(CNN) — Vontae Davis, the former NFL cornerback who made two Pro Bowls with the Indianapolis Colts and memorably retired at halftime of his final game, was found dead by police Monday at his home in South Florida, according to authorities.

Officers were called to the home in Southwest Ranches by a house assistant and found Davis dead, according to the Davie Police Department. Preliminary information suggests foul play is not involved, and the investigation is active, police added.

The Broward County medical examiner’s office is investigating the death.

Davis, 35, played in 121 games over a 10-year career with the Miami Dolphins, Colts and Buffalo Bills, totaling 22 interceptions and 97 pass deflections.

He played college football for Illinois and was selected by the Dolphins with the 25th pick of the first round in the 2009 NFL Draft. He played three seasons with Miami before he was traded to the Indianapolis Colts for a second-round pick. The HBO show “Hard Knocks” was following the Dolphins team at the time and captured the tense conversation between then-general manager Jeff Ireland and Davis about the trade, which offered insight into the personal stakes of the league.

“The rumor is true: We just traded you,” Ireland said.

“I want to call my grandmother,” the shocked corner responded.

Davis excelled in Indianapolis and in 2014 signed a 4-year, $36 million deal to remain with the team. He was named to the Pro Bowl in 2014 and 2015 as he snagged four interceptions in each season, and he played with the Colts for six seasons in all.

In 2018, he signed a one-year, $5 million contract with the Buffalo Bills, but he abruptly retired at halftime of the team’s second game. The decision shocked his teammates and a league that typically values a warrior mentality.

“I had more of an out-of-body, spiritual moment, and my intuition was telling me that football was no longer for me,” he told CNN at the time.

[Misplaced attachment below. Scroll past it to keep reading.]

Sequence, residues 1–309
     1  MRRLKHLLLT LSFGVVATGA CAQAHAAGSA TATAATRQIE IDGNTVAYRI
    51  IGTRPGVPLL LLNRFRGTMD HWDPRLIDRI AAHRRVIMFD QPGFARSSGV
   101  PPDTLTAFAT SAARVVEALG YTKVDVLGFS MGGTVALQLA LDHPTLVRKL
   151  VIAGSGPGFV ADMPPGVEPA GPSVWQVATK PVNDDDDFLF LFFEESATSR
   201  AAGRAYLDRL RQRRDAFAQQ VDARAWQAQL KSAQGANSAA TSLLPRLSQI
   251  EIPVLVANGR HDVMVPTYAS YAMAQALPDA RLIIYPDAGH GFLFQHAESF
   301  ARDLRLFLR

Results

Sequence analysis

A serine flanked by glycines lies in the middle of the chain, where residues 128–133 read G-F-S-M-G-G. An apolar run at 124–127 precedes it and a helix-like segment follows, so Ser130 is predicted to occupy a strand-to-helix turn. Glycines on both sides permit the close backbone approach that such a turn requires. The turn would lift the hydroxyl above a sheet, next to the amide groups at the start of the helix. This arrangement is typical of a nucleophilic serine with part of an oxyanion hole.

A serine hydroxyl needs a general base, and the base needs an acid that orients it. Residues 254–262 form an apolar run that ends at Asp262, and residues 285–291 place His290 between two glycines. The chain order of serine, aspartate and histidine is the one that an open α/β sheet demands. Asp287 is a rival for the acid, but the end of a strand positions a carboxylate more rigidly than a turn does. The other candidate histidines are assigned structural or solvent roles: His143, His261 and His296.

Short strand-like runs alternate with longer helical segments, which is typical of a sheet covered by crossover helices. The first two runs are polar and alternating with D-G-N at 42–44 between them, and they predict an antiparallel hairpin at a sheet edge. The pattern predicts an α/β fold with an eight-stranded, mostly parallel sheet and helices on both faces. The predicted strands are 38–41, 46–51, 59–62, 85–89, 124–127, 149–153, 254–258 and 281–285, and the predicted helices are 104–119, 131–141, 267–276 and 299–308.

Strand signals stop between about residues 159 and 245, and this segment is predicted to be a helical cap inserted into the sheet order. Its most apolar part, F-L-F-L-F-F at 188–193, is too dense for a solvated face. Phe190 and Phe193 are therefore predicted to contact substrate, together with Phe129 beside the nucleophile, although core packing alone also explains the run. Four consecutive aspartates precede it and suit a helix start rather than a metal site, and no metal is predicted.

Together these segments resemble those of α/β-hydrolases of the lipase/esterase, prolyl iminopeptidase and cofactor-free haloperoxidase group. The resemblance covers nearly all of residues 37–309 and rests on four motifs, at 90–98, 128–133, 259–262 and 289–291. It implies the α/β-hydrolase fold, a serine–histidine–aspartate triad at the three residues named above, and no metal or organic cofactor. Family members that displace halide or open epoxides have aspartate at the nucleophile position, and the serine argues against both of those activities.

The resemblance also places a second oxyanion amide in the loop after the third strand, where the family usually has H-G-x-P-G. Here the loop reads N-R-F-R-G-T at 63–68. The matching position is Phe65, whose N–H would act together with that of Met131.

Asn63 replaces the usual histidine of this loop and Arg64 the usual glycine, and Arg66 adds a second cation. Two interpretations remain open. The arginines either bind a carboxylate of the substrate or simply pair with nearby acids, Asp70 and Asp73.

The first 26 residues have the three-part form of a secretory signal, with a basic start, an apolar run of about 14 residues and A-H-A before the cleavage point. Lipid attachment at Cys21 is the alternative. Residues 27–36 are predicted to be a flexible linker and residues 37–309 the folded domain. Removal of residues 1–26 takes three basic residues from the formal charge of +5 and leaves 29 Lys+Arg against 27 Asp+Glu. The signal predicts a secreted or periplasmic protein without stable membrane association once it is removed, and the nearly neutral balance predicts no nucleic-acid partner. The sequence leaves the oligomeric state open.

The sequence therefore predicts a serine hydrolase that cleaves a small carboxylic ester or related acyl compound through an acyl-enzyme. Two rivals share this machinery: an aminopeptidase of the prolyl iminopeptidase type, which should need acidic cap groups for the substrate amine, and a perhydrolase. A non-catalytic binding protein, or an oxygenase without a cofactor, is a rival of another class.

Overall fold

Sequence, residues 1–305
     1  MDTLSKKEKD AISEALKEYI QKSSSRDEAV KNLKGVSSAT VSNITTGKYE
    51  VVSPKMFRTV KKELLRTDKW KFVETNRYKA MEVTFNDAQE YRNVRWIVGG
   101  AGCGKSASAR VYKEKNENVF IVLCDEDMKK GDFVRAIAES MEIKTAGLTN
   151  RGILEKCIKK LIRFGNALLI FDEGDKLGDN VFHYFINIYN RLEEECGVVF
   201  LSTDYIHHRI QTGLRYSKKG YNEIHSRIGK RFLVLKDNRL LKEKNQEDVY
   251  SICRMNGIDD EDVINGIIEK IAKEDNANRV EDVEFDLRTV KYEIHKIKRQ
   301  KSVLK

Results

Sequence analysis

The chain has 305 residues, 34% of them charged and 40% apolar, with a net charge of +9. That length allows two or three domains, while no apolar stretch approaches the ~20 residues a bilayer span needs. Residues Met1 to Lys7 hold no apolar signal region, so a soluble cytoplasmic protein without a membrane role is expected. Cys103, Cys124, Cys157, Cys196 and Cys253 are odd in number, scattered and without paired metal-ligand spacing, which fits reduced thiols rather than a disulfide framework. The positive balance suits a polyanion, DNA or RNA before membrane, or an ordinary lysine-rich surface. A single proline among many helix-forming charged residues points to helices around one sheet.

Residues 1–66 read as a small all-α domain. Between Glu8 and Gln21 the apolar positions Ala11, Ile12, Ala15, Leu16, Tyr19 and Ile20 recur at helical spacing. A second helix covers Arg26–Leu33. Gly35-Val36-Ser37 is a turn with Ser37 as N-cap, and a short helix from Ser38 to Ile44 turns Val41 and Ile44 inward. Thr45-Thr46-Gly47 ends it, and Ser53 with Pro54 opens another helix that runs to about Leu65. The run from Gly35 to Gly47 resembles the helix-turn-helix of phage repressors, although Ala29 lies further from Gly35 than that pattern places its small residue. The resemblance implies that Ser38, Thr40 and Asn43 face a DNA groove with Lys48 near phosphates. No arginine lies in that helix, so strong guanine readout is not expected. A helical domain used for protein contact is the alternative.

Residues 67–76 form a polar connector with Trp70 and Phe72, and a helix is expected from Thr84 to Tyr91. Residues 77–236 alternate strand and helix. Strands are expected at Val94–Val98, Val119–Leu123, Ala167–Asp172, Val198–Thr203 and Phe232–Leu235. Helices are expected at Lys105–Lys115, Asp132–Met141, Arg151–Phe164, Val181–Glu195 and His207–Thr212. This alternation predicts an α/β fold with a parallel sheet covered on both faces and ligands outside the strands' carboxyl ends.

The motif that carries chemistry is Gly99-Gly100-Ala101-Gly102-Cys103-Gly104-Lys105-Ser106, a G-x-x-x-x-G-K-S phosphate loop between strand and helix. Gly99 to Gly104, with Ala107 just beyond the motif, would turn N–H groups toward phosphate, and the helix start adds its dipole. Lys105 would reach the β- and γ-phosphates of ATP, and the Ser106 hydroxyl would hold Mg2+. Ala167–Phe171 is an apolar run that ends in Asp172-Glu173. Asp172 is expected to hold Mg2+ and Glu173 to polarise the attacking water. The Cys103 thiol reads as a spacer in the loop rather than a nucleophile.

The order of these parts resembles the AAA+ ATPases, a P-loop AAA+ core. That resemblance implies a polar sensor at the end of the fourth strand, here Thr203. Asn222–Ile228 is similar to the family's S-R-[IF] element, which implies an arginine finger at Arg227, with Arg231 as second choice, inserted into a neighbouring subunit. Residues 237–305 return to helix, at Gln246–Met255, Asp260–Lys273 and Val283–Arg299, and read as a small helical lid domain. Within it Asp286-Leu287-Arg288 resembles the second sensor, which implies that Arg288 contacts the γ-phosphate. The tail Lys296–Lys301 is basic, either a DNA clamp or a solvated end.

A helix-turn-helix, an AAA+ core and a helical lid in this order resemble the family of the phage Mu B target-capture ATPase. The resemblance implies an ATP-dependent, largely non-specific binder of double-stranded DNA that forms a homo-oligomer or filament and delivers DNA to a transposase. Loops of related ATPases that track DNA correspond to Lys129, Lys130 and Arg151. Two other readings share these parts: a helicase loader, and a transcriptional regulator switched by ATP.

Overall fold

He said part of the choice to retire was physical, citing the issue of players dealing with brain injuries like chronic traumatic encephalopathy, or CTE.

“All of that stuff goes into consideration,” he said. “I no longer wanted to sacrifice my body where it didn’t benefit me moving forward.”

Davis, the brother of former NFL tight end Vernon Davis, also spoke to CNN about their difficult upbringing.

“I come from very humble beginnings,” Davis said. “My mother was addicted to drugs, my father an alcoholic. I grew up in some very traumatic situations. I witnessed my father being shot multiple times by his brother. And when you come out of situations like that, you’re just not considered a quitter.

“I don’t think I quit. I think I feel that, as I walk away from a game that no longer serves me mentally, physically, and emotionally. That’s what I would tell people who say I quit. Most people don’t know who I am as a person or what I’ve been through to achieve the success I have.”

The NFL and each of the three teams he played for offered their condolences on Monday.

“The NFL is heartbroken to hear about the passing of Vontae Davis. Our thoughts are with his family and loved ones,” the NFL said.

“We are heartbroken by the sudden passing of former Dolphins CB Vontae Davis and extend our deepest condolences to his family & loved ones during this difficult time,” the Dolphins said.

The Colts said: “We are devastated to hear of Vontae Davis’s passing. He was a standout player in his six seasons with the Horseshoe, but he was an even better teammate who carried a smile and positive energy every day. He will be deeply missed, and we send our prayers to his family and loved ones.”

“Extremely saddened to hear of the passing of Vontae Davis,” Jim Irsay, who owns the Colts, said in a post on X. “A great guy, teammate, player. My prayers to Vontae’s family.”

“We are saddened to learn of the passing of Vontae Davis,” the Bills said in a statement. “We are thinking of his friends, family, and loved ones during this difficult time.”

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